Walmart has a 15-year lease for its new Illinois fulfillment center from CenterPoint Properties of Oak Brook, Illinois, according to CoStar data.
Amazon's nearby site at 4300 Brandon Road, also leased from CenterPoint, marked the first major lease for the e-commerce firm this year in the Chicago market after completing nearly two dozen deals in the region early on in the pandemic, according to CoStar.
With the added capacity that the high-tech centers will give it, Walmart is converting a traditional Atlanta fulfillment facility to focus on orders for its Walmart Fulfillment Services business, delivering orders for third-party sellers.
‘Market Fulfillment Centers’
On the earnings call, Rainey said Walmart has acquired Alert Innovation, a robotics automation company that develops material-handling technology for order fulfillment in retail supply chains. Walmart has been working with Alert to customize technology for it market fulfillment center, or MFC, build-out since 2016. Those centers aim to let Walmart leverage its store footprint for storage and fulfillment.
"MFCs are positioned inside or attached to Walmart Supercenters and use robotics and [artificial intelligence] to fill online orders more quickly,” Rainey said.
Walmart has described an MFC as a "compact, modular warehouse built within, or added to, a store" that use automated bots to retrieve the items for an order.
Bill Read, executive vice president at Retail Specialists, reported on Walmart's MFCs in August, saying the retailer first tested the system in 2019 in Salem, New Hampshire, and announced a few new locations, including two in Jacksonville, Florida.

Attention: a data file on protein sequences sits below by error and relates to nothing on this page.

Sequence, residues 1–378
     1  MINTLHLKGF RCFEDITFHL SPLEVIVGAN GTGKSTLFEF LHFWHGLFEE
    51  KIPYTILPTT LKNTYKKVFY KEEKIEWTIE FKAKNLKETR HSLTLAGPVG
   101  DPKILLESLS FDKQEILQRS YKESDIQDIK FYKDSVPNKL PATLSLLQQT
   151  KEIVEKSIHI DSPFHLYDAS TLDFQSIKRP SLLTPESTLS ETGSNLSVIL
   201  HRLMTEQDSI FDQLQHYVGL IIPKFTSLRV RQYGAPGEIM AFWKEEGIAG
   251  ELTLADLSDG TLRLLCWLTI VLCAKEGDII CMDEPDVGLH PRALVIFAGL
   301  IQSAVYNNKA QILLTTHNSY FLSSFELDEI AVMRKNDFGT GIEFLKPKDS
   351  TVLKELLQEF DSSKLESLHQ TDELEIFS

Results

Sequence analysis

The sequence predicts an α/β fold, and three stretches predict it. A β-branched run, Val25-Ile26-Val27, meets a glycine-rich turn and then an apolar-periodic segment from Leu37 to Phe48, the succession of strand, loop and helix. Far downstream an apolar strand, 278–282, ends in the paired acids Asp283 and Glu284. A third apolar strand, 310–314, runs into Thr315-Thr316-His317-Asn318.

"An average Walmart Supercenter is 180,000 to 210,000 square feet," Read said in his report. "By adding [an] MFC to 10,000 to 20,000 square feet of its existing stores, it can significantly speed up its pickup and delivery speeds."
In a Walmart MFC store, "you simply order and drive up to the drive-thru lanes, have your order loaded into your car and you’re on your way," according to Read.
"Everyone saves time," he said. "The MFC can store the most commonly bought items, pull and package your order in a much smaller area of the store and do it faster."
Walmart reported for the third quarter ended Oct. 31 overall revenue grew 8.7%, to $152.8 billion, and U.S. comparable sales increased 8.2%. The company also raised its full-year guidance.
Walmart, as in the second quarter, said even higher-income consumers are coming to its stores to save money in a year with record inflation.
"Walmart is well positioned to serve customers and gain greater trip frequency during tougher economic periods, and we have even more tools to do so in this cycle," Rainey said. "For example, we've continued to gain grocery market share from households across income demographics, with nearly three quarters of the share gain coming from those exceeding $100,000 in annual income."
Neil Saunders, managing director of GlobalData, in a note to clients Tuesday, talked about how the tough economic environment is helping Walmart's sales.
"Even those at the upper end of the income spectrum are looking to bring costs under control and buying more from Walmart — even if just everyday consumables — has become a point of mitigation," Saunders said.
He added that "among lower-income consumers, loyalty to Walmart has remained strong. There has been some churn with people shopping around more and incorporating players like Aldi into the mix, but Walmart remains the key destination for those looking to save money."